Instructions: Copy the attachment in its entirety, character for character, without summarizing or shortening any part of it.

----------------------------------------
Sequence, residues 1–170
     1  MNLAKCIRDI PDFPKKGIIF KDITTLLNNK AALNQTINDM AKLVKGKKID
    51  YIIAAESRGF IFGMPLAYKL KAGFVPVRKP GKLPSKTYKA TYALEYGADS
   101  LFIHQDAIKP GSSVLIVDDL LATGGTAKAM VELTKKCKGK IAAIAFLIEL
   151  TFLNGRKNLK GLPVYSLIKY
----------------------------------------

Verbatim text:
Sequence, residues 1–170
     1  MNLAKCIRDI PDFPKKGIIF KDITTLLNNK AALNQTINDM AKLVKGKKID
    51  YIIAAESRGF IFGMPLAYKL KAGFVPVRKP GKLPSKTYKA TYALEYGADS
   101  LFIHQDAIKP GSSVLIVDDL LATGGTAKAM VELTKKCKGK IAAIAFLIEL
   151  TFLNGRKNLK GLPVYSLIKY